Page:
Nitin B. Bangera1, Donald L. Schomer2, Steve Papavasiliou2, Don Hagler3, Nima Dehghani3, Istvan Ulbert4, Eric Halgren3, and Anders M. Dale3
1. Department of Biomedical Engineering, Boston University
2. Department of Neurology, Beth Israel Deaconess Medical Center, Boston, MA
3. Multimodal Imaging Laboratory, University of California, San Diego
4. Institute for Psychology of the Hungarian Academy of Sciences, Budapest, Hungary
Forward solutions with different levels of complexity are employed by clinicians and scientists to calculate the inverse solution, which gives the source of current generator responsible for electric fields, and magnetic field recorded using Electroencephalography and Magnetoencephalography respectively. The accuracy of the forward solution directly affects the localization accuracy of the model being used. The influence of tissue inhomogenity and anisotropy (of white matter) on the forward solution is poorly understood. Localization accuracy of forward models is difficult to test since the exact location of the source is unknown in most cases. In patients with intractable epilepsy, depth electrodes are clinically implanted to monitor epileptic activity for surgical pre-evaluation. Artificial dipoles are created at known locations in these patients by injecting biphasic square current pulsed though implanted electrodes (fig 1). The in vivo depth stimulation data provides a direct validation of the forward model.
The goal of this study is to report the influence of inhomogeneties in brain tissue and white matter anisotropy on the EEG forward solution by comparing experimental data with data predicted by a realistic head model solved using the finite element method (FEM).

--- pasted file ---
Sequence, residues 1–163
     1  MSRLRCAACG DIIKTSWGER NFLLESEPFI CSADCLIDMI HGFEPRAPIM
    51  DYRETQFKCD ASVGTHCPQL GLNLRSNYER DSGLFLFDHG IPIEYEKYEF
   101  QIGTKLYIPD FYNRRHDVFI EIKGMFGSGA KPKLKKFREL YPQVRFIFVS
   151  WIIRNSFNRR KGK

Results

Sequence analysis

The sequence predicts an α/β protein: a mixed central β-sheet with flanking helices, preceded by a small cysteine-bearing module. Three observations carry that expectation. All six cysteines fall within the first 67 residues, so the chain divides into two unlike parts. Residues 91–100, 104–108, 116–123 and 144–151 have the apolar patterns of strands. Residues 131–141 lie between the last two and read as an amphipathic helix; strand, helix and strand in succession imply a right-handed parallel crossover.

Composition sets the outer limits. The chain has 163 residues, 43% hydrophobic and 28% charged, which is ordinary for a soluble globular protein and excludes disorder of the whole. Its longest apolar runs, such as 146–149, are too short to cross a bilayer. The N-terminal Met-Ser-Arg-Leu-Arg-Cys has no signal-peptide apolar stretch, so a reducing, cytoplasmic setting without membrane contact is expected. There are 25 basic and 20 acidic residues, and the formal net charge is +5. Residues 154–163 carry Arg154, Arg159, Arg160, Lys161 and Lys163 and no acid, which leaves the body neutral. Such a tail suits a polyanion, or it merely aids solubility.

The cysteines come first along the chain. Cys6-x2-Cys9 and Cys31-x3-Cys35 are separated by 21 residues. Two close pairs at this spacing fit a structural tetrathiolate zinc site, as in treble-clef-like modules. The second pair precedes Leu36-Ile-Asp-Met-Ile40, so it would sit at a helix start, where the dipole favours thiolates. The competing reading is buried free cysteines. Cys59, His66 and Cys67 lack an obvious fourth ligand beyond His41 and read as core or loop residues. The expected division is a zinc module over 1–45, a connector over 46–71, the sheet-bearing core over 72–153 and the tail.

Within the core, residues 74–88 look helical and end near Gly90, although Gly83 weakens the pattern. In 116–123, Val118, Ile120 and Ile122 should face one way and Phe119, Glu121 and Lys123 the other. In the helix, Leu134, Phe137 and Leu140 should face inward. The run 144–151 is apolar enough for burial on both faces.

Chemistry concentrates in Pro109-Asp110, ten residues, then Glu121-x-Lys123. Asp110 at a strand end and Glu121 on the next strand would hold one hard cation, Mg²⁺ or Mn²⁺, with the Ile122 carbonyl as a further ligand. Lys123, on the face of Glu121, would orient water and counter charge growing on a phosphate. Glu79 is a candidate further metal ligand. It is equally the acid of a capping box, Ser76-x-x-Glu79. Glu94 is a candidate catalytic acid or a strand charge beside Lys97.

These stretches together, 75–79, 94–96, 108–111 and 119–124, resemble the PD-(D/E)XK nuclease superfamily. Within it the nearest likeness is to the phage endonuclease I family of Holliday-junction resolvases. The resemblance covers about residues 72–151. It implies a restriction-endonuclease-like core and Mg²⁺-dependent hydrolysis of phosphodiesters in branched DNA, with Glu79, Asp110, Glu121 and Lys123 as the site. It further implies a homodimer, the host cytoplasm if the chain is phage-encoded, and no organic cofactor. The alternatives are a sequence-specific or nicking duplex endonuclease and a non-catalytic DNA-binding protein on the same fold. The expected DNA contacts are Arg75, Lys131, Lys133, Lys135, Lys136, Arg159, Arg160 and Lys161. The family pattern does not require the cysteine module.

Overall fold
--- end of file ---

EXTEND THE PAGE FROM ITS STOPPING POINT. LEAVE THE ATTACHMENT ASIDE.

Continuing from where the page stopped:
– Recruit Patients undergoing depth electrode implantation
– Patients are scanned for CT, MRI and DTI images before implantation
– Post-implant CT images are obtained for electrode localization
– Simultaneous intracranial (iEEG) and scalp (EEG) electric fields are measured during current injection through contacts on depth electrode
– Current levels are below threshold for neural damage.
- Accurate segmentation of the brain tissue type is implemented using a semi-automatic method using multi-spectral MRI scans (different flip angles) in conjunction with the regular T1-weighted scans and CTs (fig 2).
– The electrical conductivity in the anisotropic white matter tissue is quantified from the water self-diffusion tensor, as measured by diffusion tensor MRI.
– The finite element model (FEM) is constructed using AMIRA(fig 2), a commercial segmentation and visualization tool, and solved using ABAQUS, a commercial finite element solver.
– Experimental data is compared with forward solutions calculated with the FEM model with increasing levels of complexity.
The final simulation results (like potential fields and electric current density vectors) can be interpreted and compared visually for different model types and simulation locations using appropriate visualization tools. The diffusion tensors obtained using DTI are visualized as ellipsoids and alignment with structural data is verified. Results from the FEM simulations (potential scalar fields and electric current density vector fields) are visualized using either ABAQUS or AMIRA on the head volume geometry(fig 3). In addition, stereoscopic renderings of the head geometry and electric current lines due to a dipole in the human cortex were done in collaboration with Ray Gasser at the Scientific Computing and Visualization group, Boston University.
Using experimental data for validation of forward model, factors affecting the accuracy of the intracranial and scalp measurements are quantified in a precise manner by studying the effects of different tissue types and anisotropy of white matter tissue.